The Battle in Brief

In the lead up to the Second World War, the small town of Bardia, which lies approximately 30km from the Egyptian border on Libya's Mediterranean coast, was fortified by the Italians, who constructed an arc of defensive posts, 29km in length, surrounding the town and its harbour. Officially entering the war on 10 June 1940, Italian forces under General Annibale Bergonzoli crossed the Egyptian border in September and captured Sidi Barrani situated on the Mediterranean coast 80km inside Egypt. Outnumbered British and Indian forces on 9 December 1940 destroyed four Italian divisions, captured 38,000 prisoners of war and chased the Italians out of Egypt and back to Bardia.

The first brigade of the newly formed 6th Australian Division arrived in Egypt in February 1940, After training in Egypt, the Australians crossed into Libya on 19 December to take their place in the front line. On the morning of 3 January 1941, the men of the 16th Brigade of the 6th Australian Division attacked Bardia, breaking through the western face of the defensive perimeter, while soldiers of the 2/6th Battalion launched a diversionary attack on the southern side. Later in the morning, the 17th Australian Brigade joined in the attack. On 4 January, the 16th Brigade encircled Bardia and during the afternoon Australian soldiers entered the town. Little Italian resistance remained in the northern sector but fighting continued in the southern sector until the following day.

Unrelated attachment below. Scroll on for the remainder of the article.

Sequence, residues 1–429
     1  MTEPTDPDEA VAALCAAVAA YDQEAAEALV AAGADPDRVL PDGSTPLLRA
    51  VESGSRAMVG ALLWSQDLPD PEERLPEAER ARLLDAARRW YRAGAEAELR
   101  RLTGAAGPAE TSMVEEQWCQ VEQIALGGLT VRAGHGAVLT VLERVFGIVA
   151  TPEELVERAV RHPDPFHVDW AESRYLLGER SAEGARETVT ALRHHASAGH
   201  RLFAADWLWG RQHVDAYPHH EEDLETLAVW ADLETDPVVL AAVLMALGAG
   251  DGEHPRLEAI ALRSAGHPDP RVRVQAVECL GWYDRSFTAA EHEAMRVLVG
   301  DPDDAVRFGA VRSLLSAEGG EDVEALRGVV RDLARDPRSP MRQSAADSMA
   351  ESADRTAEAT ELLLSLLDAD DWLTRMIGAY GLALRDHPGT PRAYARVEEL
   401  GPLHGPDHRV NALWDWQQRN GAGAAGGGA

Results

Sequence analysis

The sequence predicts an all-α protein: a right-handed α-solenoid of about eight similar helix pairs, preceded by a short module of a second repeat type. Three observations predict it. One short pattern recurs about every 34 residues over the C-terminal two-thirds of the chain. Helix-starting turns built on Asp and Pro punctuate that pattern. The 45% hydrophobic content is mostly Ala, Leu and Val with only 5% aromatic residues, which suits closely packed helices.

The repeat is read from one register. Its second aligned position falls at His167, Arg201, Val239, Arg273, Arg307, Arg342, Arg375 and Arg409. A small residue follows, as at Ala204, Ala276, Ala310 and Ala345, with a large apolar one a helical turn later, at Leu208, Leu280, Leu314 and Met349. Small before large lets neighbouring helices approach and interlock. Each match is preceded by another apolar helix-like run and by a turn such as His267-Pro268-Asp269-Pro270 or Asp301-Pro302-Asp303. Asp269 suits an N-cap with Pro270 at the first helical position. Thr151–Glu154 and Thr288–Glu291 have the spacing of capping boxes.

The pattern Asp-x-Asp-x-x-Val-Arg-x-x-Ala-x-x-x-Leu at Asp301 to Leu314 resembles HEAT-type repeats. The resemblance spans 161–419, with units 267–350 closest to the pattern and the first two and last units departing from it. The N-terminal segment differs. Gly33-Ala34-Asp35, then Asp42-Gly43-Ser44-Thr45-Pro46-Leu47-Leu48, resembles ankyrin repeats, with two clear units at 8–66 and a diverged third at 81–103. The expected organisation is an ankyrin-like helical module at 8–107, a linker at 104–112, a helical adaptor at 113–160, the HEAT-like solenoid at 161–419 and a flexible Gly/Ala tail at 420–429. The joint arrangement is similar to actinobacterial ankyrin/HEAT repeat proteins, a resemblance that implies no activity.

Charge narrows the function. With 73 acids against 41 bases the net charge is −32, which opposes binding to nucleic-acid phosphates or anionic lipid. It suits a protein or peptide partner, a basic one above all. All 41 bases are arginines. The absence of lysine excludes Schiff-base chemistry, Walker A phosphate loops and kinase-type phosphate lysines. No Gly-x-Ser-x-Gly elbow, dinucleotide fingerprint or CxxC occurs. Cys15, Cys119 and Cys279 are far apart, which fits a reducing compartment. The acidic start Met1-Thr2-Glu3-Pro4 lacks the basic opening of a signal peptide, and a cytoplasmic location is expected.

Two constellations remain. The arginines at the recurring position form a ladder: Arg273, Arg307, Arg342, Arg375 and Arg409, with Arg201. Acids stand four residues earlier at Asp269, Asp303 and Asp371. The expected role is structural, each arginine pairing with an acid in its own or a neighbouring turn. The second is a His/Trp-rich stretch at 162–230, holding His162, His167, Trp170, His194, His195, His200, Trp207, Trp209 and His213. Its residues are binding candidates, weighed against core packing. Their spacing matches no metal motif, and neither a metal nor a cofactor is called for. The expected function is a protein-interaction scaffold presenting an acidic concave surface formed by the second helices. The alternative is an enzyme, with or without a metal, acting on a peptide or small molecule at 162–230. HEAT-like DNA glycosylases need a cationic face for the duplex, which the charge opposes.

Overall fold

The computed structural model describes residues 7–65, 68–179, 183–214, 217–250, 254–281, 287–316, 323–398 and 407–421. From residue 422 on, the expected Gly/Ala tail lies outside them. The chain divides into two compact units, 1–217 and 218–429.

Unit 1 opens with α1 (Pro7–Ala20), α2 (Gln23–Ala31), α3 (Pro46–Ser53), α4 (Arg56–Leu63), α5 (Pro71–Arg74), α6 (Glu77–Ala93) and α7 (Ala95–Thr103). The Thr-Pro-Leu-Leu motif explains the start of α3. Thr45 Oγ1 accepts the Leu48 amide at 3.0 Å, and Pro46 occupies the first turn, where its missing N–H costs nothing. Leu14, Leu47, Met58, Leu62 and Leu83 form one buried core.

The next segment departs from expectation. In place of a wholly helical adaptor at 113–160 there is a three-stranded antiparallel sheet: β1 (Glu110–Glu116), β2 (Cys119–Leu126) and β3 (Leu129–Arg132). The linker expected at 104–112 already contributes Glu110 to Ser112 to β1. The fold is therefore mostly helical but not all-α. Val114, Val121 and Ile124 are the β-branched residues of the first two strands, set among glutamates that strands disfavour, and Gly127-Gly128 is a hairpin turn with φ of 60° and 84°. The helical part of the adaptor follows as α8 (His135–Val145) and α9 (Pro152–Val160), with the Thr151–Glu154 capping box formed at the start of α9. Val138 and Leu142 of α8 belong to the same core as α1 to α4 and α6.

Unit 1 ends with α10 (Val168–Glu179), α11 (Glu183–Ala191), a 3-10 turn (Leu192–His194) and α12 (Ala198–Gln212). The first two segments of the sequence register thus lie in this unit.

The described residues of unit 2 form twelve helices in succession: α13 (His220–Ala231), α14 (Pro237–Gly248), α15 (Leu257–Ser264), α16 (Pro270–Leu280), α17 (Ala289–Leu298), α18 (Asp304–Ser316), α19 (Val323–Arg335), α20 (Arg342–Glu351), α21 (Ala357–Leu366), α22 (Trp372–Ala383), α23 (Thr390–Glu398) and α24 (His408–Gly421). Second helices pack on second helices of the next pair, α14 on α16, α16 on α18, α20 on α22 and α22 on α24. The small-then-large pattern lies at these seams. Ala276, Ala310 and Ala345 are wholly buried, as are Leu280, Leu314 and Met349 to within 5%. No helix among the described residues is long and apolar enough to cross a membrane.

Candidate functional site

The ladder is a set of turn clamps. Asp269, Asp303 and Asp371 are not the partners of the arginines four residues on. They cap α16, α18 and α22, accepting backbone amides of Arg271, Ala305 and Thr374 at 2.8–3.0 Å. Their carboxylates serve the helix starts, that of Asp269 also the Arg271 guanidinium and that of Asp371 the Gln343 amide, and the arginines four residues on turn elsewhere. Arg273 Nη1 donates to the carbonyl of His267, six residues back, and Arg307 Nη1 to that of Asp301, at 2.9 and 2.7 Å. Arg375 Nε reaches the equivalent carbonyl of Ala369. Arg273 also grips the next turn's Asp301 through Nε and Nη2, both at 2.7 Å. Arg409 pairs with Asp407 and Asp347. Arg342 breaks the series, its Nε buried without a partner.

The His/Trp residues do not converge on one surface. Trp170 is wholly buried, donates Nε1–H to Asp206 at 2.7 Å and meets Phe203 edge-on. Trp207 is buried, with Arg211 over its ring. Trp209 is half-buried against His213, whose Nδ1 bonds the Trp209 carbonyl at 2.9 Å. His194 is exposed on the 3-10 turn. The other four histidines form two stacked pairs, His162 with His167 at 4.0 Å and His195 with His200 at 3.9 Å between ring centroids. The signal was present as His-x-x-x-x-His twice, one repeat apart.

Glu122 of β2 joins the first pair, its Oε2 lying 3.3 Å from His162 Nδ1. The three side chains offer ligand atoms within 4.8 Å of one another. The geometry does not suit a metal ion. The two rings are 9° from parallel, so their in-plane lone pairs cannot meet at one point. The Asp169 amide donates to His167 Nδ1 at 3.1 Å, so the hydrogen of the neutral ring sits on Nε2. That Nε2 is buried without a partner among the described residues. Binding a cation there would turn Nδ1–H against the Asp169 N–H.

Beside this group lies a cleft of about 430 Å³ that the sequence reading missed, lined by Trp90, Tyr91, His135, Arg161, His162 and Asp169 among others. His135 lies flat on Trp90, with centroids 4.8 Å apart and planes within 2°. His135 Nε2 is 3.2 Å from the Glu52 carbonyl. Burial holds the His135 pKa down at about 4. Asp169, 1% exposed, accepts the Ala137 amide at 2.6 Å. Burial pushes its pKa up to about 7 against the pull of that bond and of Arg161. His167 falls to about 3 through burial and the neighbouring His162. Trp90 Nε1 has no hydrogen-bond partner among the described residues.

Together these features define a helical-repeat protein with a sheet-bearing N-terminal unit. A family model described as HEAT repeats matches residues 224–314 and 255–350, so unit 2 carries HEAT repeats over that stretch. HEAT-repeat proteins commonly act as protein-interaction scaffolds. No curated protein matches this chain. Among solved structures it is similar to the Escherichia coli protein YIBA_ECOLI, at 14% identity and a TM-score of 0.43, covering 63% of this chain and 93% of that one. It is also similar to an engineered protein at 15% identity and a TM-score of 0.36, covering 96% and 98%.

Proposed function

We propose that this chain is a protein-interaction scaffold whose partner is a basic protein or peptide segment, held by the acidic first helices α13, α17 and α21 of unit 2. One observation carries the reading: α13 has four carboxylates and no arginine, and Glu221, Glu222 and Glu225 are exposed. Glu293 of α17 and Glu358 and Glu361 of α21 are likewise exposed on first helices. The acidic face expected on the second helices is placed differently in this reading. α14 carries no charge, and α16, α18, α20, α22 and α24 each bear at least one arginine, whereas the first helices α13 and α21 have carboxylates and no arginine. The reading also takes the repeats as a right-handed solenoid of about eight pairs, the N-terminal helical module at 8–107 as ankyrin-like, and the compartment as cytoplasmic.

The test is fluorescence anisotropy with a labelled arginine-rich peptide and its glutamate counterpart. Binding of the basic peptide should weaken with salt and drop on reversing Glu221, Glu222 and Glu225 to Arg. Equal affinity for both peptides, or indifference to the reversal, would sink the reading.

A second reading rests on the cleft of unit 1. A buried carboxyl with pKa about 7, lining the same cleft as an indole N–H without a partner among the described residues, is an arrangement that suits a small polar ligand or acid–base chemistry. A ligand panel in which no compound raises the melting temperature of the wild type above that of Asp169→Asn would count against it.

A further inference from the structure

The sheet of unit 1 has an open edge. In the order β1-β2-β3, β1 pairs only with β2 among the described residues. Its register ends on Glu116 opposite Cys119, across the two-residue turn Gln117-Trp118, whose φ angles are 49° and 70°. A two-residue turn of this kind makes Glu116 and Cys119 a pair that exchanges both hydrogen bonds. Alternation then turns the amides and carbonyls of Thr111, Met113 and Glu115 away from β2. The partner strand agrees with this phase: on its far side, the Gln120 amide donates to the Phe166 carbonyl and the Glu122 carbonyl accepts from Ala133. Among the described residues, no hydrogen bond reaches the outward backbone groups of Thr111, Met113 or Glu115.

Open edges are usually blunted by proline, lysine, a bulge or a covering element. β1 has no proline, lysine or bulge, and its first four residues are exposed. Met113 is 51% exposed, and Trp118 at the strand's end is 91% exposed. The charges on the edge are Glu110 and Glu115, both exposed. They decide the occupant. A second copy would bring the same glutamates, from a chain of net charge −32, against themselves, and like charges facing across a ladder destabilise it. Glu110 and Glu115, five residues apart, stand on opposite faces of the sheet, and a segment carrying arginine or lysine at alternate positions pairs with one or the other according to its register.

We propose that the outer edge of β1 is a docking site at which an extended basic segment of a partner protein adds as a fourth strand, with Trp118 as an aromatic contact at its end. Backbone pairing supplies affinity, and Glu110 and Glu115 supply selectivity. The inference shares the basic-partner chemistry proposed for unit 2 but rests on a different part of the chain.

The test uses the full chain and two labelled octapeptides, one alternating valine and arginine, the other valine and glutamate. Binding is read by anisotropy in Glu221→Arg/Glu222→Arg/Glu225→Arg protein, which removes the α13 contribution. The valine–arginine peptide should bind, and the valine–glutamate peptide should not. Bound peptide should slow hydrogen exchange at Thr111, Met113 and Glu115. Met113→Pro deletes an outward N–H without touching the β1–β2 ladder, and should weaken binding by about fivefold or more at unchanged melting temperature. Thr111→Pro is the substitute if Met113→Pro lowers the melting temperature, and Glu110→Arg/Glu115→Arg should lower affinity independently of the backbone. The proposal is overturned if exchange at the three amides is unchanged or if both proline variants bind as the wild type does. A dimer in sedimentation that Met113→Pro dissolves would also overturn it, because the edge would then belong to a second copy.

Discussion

On 5 January, the following bulletin was issued by General Headquarters in Cairo: “All resistance at Bardia ceased at 1330 hrs today”. 130 Australians had been killed in the action, and 326 were wounded. However, they had taken over 40,000 prisoners, 400 guns and 127 tanks.

The Australians’ victory at Bardia, remarkable for the fact that it was achieved in their very first battle, made big news back home, and they received a cable from Prime Minister Robert Menzies saying “We are all proud of you”. In London, the Daily Express described the Australian soldiers at Bardia as “the cream of the Empire troops and the finest and toughest fighting men in the world.”

For some of the Australian soldiers, at least, it seemed that the early success at Bardia went to their heads. One Australian apparently had to be reprimanded by Major-General Iven Mackay for galloping through Bardia on a white horse, dressed as an Italian admiral and waving a sword. Others earned the ire of Mackay by dressing in Italian uniforms, firing enemy weapons. However, Gavin Long in the Official History was more tolerant and understanding. He also wrote that the decisive work at Bardia was the ingenious and resolute foot soldiers and not the tanks or artillery as some writers have claimed.

Although Bardia would change hands between the Allied and Axis forces throughout the Western Desert Campaign, it was eventually abandoned without a fight following the Axis defeat at El Alamein in November 1942.